A new proposal released Monday by the Environmental Protection Agency aimed at decreasing carbon pollution 30% by 2030 clearly puts a target on the backs of existing power plants, but what is its impact on ag?
That's the question farm groups are trying to answer as they review the proposal, part of the Obama Administration's larger Climate Action Plan. The industry has a stake in the discussion as food production and quality natural resources remain an integral piece of the complex climate equation.
A few groups not surprisingly have developed opposing positions on the EPA announcement. National Farmers Union President Roger Johnson said the plan provides benefits to agriculture in that it curbs atmospheric carbon contributions – and that the ag industry should weigh in.
"Agriculture stands ready to be an important part of the solution to our climate challenges. I encourage Congress and the administration to engage the agricultural community in reducing carbon pollution by creating voluntary incentives for sequestering carbon and implementing conservation strategies that preserve our limited soil and water resources," he said in a statement.
Johnson also pointed to the Renewable Fuel Standard as an option for controlling climate change.
"The Renewable Fuel Standard is currently the most important policy we have to address climate change," he said, reinforcing the group's position that RFS volumes shouldn't be altered for 2014.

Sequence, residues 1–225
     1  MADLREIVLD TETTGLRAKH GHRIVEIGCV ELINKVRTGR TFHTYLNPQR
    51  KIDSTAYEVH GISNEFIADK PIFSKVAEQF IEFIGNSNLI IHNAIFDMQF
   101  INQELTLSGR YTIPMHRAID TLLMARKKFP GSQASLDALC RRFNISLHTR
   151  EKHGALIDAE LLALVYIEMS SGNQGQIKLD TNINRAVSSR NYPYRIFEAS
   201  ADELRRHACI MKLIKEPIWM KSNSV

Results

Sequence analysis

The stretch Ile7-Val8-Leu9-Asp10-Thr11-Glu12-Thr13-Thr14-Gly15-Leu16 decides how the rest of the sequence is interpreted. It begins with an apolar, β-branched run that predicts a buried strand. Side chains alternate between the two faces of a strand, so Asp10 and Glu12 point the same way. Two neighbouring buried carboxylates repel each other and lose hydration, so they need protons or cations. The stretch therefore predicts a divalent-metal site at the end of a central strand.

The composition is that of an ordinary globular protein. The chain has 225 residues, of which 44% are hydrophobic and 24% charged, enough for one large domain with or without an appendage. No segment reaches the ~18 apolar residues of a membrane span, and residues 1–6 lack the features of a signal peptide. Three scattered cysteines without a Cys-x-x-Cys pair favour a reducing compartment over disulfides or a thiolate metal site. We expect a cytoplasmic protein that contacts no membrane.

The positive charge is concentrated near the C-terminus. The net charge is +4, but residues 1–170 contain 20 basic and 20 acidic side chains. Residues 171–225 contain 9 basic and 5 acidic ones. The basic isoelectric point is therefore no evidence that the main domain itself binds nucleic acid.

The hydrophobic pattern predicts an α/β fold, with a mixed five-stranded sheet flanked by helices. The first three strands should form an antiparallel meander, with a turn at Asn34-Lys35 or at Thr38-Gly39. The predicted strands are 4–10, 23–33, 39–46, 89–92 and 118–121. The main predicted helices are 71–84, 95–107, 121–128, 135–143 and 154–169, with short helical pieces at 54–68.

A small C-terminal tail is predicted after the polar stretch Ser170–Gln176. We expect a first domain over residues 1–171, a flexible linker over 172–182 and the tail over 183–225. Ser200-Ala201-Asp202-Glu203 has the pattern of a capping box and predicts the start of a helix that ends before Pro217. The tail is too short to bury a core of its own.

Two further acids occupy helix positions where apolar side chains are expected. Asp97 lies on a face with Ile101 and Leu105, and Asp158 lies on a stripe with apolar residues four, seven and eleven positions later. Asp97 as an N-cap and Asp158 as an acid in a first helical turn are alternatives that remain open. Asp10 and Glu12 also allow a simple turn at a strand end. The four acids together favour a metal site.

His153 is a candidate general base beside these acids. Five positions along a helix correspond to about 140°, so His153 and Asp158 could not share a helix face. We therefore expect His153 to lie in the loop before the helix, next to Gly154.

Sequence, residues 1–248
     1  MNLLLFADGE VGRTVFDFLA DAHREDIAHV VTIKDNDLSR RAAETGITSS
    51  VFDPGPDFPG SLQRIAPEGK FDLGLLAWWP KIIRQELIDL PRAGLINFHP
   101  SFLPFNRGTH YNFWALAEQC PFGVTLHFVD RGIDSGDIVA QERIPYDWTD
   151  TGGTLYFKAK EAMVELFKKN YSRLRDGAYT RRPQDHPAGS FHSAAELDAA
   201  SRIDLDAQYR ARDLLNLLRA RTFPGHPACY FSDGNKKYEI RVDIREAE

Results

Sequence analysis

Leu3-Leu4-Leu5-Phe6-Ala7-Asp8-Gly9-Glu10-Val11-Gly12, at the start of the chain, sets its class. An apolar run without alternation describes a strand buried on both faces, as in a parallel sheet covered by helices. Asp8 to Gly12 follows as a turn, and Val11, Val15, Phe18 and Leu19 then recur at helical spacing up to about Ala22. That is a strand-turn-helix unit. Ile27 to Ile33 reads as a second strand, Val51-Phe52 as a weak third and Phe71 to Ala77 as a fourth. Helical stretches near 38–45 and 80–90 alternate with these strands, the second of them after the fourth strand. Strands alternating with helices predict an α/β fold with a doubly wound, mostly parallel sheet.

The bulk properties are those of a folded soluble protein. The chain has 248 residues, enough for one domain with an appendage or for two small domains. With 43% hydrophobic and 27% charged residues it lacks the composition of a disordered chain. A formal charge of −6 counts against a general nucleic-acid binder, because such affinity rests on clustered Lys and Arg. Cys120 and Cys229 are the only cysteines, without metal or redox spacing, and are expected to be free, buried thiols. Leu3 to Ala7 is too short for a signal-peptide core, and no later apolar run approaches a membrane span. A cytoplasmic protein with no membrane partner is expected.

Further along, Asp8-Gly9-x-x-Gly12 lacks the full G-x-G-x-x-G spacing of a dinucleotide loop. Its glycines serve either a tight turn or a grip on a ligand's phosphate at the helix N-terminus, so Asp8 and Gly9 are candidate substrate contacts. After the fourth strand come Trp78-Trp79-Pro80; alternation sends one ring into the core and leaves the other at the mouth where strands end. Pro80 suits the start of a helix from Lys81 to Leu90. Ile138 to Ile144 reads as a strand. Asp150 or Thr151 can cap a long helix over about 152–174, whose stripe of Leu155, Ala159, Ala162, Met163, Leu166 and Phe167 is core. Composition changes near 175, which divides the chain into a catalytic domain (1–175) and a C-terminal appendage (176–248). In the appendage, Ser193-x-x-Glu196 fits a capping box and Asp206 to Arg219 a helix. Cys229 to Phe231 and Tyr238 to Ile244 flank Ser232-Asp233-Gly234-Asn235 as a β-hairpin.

The American Farm Bureau Federation, however, views the plan as a hindrance to agriculture. The group suggests that if the plan is approved, farmers could see higher energy and fertilizer prices.
"U.S. agriculture will pay more for energy and fertilizer under this plan, but the harm won't stop there," AFBF President Bob Stallman said. "Effects will especially hit home in rural America. Our farmers and ranchers need a climate that fosters innovation, not unilateral regulations that cap our future."
Others suggest agriculture stands to gain from the new rulemaking as it simply diverts attention away from the industry's own carbon emissions. But viewed from any direction, it's clear that the proposal requires a closer look from farmers and farm groups alike.
For more details on the EPA's Clean Power Plan, follow the links to news and commentary below.
1. EPA Sets Draft Rule to Cut Carbon Emissions by 30% by 2030. Wall Street Journal
2. Strange bedfellows in EPA's carbon rule. Milwaukee Journal Sentinel
3. EPA's Gina McCarthy offers brief overview of proposed Climate Plan. EPA Blog
4. EPA carbon proposal faces major hurdles. Politico
5. EPA's CO2 reduction proposal could be positive for biomass energy. Biomass Magazine
6. Business groups close ranks for climate battle. The Hill